Tuesday, 3 October 2006
Kant and Bohr
The talk had been short, roughly 30 minutes, and it had been presented quite clearly. The questions and discussion had picked up quickly and showed no sign of losing energy. Yet I was not happy. What had started as requests for clarification had slowly evolved into disputation. Indeed I knew that I was in large measure to blame and that was not something to be proud of.
The idea of the talk was quite clear. The problems of the philosophical foundations of quantum theory have perplexed everyone who has seriously thought about them. Hernan saw an answer that combined his two great interests. He had first studied physics, but then turned to philosophy for its insights, finding in Kant's original works a kind of satisfaction not to be had from later elaborations. Hernan now saw that there was a deep connection between Kant's philosophy, and especially his discussion of symbols, and Bohr's interpretative writings on quantum theory.
To hear Hernan speak and then answer questions is to hear someone who is thoroughly steeped in the writings of both Kant and Bohr. He announces with a deep assurance just what it is that Kant or Bohr hold of this or that view; and anyone listening can have no doubt from the precision of words that he could back up everything with copious quotations. Objects can only be said to exist in so far as they organize and systematize sensations, he announces (as best as I can recall). I wonder, does he mean Kant's things in themselves or Bohr's quantum objects? And then I realize it doesn't matter. It could be either. That's the point.
The early questions probe Hernan's presentation of Kantian notions. Has Hernan really done justice, for example, to Kant's view of causality, Boris asks. Will anyone press Hernan on Bohr? No one seems to be, so I think I'll try. I ask Hernan why he takes Bohr's views as a datum to be explained, when they just seem to be wrong. Bohr says that we can only describe the quantum world through a classical vocabulary, whose terms may not all be applicable according to the measurement context at hand. Why, I ask, isn't it a perfectly acceptable description of the quantum realm to say that the quantum states form a Hilbert space whose dynamics is given by the Schroedinger equation... Hernan has heard it before and cuts off the question several times in his eagerness to answer. So the back and forth begins, with others joining in. Bohr has few friends in the room.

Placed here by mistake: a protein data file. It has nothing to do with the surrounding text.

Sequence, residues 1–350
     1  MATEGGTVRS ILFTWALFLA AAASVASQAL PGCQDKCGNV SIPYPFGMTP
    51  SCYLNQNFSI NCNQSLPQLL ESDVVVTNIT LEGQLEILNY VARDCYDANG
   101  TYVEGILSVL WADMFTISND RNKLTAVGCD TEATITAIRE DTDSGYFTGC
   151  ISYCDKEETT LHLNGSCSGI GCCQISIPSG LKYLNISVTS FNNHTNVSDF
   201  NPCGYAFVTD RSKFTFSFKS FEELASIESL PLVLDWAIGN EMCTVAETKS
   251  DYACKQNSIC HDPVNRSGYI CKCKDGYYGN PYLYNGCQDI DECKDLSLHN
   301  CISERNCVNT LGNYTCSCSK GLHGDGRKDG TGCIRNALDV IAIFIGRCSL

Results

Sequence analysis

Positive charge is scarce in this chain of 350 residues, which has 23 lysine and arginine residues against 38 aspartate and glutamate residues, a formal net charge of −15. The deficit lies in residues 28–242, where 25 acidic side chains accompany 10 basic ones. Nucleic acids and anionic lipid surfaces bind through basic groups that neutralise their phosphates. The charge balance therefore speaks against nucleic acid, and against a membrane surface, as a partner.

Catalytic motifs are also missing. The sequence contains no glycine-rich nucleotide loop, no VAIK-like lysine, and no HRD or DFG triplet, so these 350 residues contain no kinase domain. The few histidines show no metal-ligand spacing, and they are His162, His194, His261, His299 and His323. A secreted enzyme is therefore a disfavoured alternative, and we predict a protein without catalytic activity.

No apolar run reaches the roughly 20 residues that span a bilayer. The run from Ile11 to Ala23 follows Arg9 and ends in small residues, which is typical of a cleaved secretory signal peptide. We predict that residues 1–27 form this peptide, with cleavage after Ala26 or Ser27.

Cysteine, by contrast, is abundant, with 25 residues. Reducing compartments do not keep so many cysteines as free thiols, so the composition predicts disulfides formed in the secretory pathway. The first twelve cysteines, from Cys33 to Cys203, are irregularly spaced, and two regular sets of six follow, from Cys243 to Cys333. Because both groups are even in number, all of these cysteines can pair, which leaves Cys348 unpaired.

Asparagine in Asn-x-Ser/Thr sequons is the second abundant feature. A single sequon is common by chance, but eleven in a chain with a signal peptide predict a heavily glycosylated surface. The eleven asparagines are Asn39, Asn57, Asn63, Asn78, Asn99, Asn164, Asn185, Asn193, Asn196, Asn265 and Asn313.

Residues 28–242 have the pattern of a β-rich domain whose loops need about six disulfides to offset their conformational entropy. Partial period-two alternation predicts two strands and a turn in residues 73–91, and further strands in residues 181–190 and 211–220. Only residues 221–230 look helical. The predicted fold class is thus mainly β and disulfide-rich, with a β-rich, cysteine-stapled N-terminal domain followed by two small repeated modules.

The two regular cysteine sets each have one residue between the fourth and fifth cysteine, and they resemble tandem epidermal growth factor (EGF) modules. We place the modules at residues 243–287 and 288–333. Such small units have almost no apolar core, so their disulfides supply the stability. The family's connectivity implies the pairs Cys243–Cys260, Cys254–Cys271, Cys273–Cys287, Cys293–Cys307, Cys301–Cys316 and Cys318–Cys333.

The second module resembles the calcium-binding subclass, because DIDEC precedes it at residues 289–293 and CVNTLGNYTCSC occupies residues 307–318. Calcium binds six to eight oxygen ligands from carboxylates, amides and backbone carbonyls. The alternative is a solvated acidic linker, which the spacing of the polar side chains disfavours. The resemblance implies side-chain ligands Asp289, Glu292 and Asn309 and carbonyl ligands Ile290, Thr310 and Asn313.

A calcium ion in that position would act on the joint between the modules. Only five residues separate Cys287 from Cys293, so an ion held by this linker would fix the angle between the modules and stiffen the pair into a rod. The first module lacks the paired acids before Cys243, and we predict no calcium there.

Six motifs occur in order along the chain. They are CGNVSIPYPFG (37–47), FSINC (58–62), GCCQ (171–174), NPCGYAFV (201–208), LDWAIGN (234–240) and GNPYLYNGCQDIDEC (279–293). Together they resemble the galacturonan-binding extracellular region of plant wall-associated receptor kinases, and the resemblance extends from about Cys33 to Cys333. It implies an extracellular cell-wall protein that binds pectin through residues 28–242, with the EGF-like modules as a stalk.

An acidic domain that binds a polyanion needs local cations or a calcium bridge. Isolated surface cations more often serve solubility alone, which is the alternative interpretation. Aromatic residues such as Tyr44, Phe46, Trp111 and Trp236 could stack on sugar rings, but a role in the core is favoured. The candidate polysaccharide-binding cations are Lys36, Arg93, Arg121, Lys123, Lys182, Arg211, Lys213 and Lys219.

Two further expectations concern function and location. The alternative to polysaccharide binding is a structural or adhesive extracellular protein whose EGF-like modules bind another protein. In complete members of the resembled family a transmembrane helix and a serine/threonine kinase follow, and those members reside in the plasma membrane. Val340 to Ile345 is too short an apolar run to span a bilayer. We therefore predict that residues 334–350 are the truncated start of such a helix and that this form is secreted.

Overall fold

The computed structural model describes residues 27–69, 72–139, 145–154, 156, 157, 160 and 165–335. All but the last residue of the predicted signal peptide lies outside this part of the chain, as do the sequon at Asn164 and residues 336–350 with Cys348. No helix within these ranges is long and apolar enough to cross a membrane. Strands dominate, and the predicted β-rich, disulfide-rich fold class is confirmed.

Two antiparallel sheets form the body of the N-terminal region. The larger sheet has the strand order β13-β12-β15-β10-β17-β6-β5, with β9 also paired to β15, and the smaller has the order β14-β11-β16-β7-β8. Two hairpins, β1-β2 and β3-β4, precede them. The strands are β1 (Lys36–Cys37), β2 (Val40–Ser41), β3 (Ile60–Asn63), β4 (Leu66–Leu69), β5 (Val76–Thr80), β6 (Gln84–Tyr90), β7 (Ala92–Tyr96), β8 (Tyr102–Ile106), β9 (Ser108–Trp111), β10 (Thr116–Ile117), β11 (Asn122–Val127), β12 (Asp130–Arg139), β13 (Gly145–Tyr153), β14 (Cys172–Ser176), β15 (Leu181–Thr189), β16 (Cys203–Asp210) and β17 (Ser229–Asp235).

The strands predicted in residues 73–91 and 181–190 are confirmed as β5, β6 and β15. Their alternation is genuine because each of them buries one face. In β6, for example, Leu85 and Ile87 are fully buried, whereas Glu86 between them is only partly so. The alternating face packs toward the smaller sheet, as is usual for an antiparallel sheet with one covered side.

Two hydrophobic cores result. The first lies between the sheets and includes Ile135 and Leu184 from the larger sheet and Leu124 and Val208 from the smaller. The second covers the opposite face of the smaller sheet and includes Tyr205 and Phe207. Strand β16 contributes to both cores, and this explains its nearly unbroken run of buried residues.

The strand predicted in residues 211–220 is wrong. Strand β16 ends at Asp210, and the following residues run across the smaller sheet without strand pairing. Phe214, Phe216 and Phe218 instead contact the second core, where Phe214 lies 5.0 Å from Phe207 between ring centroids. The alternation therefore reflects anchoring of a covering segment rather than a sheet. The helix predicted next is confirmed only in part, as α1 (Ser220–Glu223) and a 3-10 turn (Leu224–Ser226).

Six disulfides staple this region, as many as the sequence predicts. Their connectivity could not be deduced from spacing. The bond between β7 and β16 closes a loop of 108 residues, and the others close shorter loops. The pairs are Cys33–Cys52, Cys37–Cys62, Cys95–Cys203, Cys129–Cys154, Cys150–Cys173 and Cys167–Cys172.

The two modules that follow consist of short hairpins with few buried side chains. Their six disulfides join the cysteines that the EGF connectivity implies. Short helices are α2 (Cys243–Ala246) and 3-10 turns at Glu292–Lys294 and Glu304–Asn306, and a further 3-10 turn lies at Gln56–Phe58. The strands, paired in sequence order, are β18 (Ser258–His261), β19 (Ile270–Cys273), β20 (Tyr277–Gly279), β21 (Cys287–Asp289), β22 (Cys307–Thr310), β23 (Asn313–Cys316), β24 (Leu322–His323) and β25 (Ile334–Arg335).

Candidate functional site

As the discussion proceeds, I can see an Atlantic divide in how people in the room present ideas. On the one side there are voices that do not present their own ideas. Every notion is attributed. "Kant would say..." "Bohr would say..." That is the reverence for tradition of the Old World. Then there is the brashness of the New World, willing to denounce Bohr as confused, in terms that one would never dare to present to Bohr's face.
The air is combative and I don't think it can be turned. But now I know how the discussion can turn to productive avenues. That difference of method must be our focus. I had already planned with our small group of Visiting Fellows that this evening after the talk we would meet for a leisurely discussion of today's talk. That is what I shall offer for discussion, that is, if no one has a better idea.
Shortly after the talk, when Hernan had satisfied those who hung back to ask their private questions, I found him standing in the lecture room. I walked up to the announcements of forthcoming talks and pointed to my name. I had been invited to speak on my paper "Causation as Folk Science." I told Hernan that they invite me because they cannot believe that anyone would seriously defend the idea that there is no principle of causality fundamental to science. It gives them reassurance to know that there is someone even more confused than they are, I quip.
"What can I do," I asked him, "I firmly believe in the view and I will defend it." "I understand," Hernan said, "I've been in that same situation."
John D. Norton
12:05 pm, Tuesday, 3 October 2006